Searching for Solana's Unrealized DeFi TVL
Looking at the default TVL for Solana, it seems like the chain is in dire straits. However, the rest of the numbers show this is not the case. Time to deep dive into the data.
Note: This article is not financial advice. Kamino Finance does not endorse any tokens or platforms mentioned in this article.
Solana has been racking up wins lately. Major decentralized physical infrastructure (DePIN) projects, like Helium and Render, are moving to the network to take advantage of its speed and transaction costs; at the same time, communities from projects that have left Solana are venting their angst over the UX on other chains, which have proven to be slow and expensive.
That being said, an albatross still hangs from Solana's neck. Since reaching an all-time high of around $15 billion in 2021, Solana's total value locked (TVL) in decentralized finance (DeFi) smart contracts, according to some of Crypto Twitter's more pointed keyboard warriors, has reached head-shaking lows.
The DeFi community tends to focus on a chain's TVL more than the fact that its validators are processing at least 10x more daily transactions than any other similar distributed network. Consequently, this Kamino Data Report will concentrate on TVL over network performance.
More to the point, this data report will zone in on some discrepancies in reporting Solana's TVL, reporting that can skew opinions about the network. Specifically, this report will use data to explain how the chain's TVL can be misrepresented by at least 3x in value—more so than any other chain in this study—due to the network's extreme composability.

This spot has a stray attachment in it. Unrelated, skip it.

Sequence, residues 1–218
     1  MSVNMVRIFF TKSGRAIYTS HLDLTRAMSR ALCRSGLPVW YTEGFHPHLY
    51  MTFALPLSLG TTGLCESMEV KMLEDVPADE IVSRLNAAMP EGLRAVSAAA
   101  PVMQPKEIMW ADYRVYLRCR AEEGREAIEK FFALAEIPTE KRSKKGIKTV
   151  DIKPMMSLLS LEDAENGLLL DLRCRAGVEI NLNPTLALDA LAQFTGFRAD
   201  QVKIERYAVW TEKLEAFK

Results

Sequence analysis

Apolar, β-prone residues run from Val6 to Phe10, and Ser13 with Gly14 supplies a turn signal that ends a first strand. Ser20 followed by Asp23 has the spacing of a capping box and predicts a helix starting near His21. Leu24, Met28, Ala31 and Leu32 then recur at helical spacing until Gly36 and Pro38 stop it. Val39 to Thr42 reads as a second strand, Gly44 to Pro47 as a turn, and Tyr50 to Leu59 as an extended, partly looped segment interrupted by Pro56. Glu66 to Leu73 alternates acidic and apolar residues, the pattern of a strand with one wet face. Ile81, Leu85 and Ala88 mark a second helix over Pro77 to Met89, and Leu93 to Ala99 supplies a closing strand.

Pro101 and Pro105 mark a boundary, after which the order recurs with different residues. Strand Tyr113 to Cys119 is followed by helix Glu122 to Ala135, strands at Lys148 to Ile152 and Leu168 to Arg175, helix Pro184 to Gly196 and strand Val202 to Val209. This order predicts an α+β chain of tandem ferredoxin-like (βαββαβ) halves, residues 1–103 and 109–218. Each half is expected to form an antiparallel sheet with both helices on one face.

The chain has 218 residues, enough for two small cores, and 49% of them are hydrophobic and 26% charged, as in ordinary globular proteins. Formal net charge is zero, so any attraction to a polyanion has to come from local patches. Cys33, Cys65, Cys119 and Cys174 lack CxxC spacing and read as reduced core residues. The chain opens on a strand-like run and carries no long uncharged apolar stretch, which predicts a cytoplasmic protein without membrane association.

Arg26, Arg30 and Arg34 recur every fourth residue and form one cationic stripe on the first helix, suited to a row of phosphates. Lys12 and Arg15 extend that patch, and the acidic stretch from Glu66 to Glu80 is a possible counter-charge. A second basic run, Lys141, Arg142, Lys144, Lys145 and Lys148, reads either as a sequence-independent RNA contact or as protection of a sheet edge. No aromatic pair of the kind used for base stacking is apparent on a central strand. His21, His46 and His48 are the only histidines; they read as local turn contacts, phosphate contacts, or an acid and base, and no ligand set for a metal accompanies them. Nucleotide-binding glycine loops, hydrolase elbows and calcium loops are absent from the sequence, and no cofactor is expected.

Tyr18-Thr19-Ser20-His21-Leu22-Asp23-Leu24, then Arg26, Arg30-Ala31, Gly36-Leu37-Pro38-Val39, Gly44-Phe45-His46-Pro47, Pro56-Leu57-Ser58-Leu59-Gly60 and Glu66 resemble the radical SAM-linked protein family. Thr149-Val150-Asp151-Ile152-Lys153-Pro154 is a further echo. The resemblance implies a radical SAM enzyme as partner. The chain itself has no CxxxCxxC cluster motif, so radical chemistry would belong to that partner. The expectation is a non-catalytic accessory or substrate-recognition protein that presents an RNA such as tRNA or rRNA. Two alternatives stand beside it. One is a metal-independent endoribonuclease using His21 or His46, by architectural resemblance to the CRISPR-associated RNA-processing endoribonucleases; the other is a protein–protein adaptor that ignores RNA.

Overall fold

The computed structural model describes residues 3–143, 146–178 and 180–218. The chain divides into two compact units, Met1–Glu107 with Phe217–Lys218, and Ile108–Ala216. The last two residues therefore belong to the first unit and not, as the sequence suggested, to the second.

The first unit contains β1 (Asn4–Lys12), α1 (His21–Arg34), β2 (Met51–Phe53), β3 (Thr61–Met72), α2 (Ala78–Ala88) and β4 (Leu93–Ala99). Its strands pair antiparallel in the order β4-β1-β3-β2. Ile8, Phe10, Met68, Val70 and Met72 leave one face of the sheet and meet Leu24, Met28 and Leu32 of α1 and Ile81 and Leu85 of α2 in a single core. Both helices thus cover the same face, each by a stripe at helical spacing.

Solana's DeFi TVL is Performing Much Better Than You Think
There's a huge difference between what you see reported when casually browsing DeFi Llama's TVL rankings, where Solana sits at #12, with less than $300 million deposited in its smart contracts...
...and what you see when you toggle the TVL to include a few more categories—facets of DeFi which are highly indicative of a blockchain's DeFi composability. The list of data sets that go uncounted by default includes:
After flipping those switches, some chains make major gains in TVL, and some chains barely budge. Solana is one of the movers, and it jumps four spots into the Top 10 with nearly $1 billion in TVL, including the largest multiplier gains of all chains surveyed when adding categories normally hidden from TVL (by 3.4x).
While Solana may not have one of the highest reported TVLs in DeFi, economic activity on the network hasn't fallen off the proverbial cliff. In fact, the following data show that Solana is hosting one of the most composable ecosystems in DeFi.
What's the Rationale for Including or Excluding Liquid Staking and Double-Counts?
DeFi Llama is one of the most widely used DeFi dashboards reporting TVL for multiple blockchains, and its definition of TVL will be the focus of this report. By default, the site excludes several categories of TVL from its charts and tables, which is noted below in a tweet about toggles.
It's anectdotally impossible to report TVL in a way that makes everyone happy. As a compromise, DeFi Llama allows users to toggle which categories to include or exclude from TVL, augmenting its default reporting system.
Here are the categories that DeFi Llama normally excludes from TVL reporting, including a rationale for why we're toggling them on in this report. The quoted clauses are copied from the tooltips provided on DeFi LLama.
The staking category includes "governance tokens staked in the protocol." Excluding this count means excluding staked $GMX or $CRV, which is preposterous. These tokens, and others like them, play an integral role in DeFi, so they're getting counted.
✅ Pool 2
Here we have "staked LP tokens where one of the coins in the pair is a governance token." This excludes yield farming from TVL, e.g., $RAY pairs on Raydium. Although yield farming Pool 2 has fallen out of fashion with most protocols and users, it's still a pretty big part of the DeFi story.